The Best Swimming Drills To Improve Your Swim Speed

The Best Swimming Drills To Improve Your Swim Speed

Want to be faster in the pool? It all about form and consistency (practice makes perfect, after all). While we may never be as quick as gold medal sprinters Caeleb Dressel or Simone Manuel, there are some simple steps to becoming a speedier swimmer. Namely? Swimming drills that work to target very specific elements of your stroke and form,which can ultimately help increase your pace.

“Drills are great for technique, and can also be used as a tool to get certain parts of the stroke and body stronger,” says eight-time Olympian Jason Lezak, who’s currently the General Manager of International Swim Leagues’s Cali Condors based in San Francisco, CA. “They’re great for beginners trying to improve their stroke, as well as for advanced swimmers trying to make little adjustments or maintain their form.”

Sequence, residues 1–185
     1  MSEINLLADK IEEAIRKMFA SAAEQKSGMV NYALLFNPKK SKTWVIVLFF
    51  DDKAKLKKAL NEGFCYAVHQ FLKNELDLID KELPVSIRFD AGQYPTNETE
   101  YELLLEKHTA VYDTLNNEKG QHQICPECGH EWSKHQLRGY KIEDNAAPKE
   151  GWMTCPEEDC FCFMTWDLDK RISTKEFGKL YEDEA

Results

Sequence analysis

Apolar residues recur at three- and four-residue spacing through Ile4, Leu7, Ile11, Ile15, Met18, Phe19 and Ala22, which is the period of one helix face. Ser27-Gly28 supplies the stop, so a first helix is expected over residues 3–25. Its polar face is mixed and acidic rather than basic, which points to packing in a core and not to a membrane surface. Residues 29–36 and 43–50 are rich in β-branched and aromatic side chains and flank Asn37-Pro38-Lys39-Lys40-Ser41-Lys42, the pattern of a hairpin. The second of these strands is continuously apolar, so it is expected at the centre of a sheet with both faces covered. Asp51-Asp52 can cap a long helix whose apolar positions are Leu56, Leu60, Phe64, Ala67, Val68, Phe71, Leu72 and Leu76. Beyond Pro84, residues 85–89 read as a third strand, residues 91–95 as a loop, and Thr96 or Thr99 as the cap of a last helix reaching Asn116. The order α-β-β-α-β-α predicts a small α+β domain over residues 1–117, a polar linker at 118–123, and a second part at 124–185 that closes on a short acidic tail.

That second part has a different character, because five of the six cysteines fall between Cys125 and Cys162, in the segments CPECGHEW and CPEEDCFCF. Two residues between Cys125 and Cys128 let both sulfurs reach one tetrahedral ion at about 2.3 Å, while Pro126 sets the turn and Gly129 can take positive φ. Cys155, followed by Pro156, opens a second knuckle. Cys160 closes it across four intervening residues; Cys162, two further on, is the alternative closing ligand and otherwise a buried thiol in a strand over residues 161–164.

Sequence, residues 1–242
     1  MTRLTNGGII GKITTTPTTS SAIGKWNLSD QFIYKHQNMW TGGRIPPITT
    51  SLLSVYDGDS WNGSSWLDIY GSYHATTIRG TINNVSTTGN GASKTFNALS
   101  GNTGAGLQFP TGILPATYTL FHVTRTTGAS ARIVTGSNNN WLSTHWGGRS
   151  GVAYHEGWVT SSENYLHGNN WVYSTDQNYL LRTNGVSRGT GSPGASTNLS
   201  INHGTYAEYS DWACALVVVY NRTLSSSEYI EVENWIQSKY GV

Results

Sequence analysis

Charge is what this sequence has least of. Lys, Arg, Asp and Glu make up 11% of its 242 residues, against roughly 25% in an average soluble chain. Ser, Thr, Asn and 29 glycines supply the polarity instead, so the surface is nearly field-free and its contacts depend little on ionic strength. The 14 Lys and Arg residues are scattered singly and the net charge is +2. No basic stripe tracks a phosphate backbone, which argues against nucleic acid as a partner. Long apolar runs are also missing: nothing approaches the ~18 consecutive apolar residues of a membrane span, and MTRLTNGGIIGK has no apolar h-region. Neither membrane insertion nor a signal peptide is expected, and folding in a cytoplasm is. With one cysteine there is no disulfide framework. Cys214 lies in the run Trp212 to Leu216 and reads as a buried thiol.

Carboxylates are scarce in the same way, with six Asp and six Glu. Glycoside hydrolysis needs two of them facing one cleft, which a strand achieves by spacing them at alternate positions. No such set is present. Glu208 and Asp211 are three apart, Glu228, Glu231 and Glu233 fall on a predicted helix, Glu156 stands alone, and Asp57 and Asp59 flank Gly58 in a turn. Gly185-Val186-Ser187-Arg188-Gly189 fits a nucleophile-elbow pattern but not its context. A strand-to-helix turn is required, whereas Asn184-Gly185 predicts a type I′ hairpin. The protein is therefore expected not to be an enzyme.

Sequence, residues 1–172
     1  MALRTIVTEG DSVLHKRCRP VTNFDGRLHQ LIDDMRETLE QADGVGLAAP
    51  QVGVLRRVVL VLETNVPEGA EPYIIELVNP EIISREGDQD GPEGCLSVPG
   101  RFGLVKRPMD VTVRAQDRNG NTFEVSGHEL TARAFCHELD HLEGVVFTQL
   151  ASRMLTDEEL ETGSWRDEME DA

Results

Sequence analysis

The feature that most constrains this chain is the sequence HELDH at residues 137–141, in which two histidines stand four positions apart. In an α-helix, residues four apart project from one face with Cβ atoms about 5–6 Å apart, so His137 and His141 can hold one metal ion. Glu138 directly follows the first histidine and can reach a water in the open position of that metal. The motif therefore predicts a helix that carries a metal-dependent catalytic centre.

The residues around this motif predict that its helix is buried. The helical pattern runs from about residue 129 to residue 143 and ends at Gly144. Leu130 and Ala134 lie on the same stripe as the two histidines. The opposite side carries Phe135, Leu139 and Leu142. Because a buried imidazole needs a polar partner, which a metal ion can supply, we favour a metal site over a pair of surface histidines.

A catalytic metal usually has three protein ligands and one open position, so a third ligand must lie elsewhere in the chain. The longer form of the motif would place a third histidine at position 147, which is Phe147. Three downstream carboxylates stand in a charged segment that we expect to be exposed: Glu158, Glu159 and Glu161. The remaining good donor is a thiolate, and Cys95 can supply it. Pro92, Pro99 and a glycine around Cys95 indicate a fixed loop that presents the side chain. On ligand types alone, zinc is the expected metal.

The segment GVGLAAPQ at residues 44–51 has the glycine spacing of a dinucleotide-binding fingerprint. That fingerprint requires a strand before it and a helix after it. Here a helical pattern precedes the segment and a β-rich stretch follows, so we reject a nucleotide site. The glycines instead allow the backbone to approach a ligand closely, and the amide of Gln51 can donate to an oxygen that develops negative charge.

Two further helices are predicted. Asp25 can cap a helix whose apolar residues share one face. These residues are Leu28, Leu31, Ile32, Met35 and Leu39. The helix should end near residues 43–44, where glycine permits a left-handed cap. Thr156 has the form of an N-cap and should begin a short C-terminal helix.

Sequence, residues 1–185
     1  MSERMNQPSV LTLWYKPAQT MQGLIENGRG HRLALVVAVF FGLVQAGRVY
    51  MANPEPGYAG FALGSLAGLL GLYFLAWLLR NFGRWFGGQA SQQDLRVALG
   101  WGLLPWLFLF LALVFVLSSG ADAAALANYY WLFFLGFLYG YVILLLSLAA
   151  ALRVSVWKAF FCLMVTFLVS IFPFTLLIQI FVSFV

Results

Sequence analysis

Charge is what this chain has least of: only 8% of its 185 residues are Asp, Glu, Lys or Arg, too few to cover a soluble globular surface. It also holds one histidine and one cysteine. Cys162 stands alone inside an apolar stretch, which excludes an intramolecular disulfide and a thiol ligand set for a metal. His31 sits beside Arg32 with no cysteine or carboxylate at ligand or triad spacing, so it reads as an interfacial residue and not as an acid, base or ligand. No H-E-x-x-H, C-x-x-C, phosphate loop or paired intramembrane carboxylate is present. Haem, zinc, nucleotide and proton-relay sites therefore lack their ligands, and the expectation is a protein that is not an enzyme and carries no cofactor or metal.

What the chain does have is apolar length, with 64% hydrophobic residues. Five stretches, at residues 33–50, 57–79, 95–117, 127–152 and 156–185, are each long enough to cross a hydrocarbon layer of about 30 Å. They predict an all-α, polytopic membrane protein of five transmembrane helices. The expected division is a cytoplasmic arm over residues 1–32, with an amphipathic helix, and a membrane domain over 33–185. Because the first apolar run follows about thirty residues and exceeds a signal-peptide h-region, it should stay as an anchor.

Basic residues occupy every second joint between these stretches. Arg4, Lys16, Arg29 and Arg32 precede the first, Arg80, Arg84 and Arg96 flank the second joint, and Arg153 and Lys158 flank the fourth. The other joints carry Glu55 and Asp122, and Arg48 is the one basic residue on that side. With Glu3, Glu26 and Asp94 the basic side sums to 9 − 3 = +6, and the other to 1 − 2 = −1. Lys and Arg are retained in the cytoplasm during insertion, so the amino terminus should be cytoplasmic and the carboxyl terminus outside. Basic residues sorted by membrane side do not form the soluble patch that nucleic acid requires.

We had Lezak and Laurel Wassner, a pro triathlete, Ironman champion and former NCAA Division 1 swimmer, offer up their favorite freestyle swimming drills that dial in both form and speed. Lezak suggests adding these to your swimming workouts every time you hit the pool.

(Want to work on non-freestyle form? Check out these tips on perfecting your backstroke or breaststroke.).

 

9 Swimming Drills to Improve Your Speed And Form

Here are nine basic swimming drills that can help you improve your freestyle swimming. As you get started, remember to be patient: “Some swimmers will be able to make changes very quickly, while others may take a little longer,” Lezak says. “Either way, improving technique with swim drills can make you more efficient in the water, leading to faster swimming.”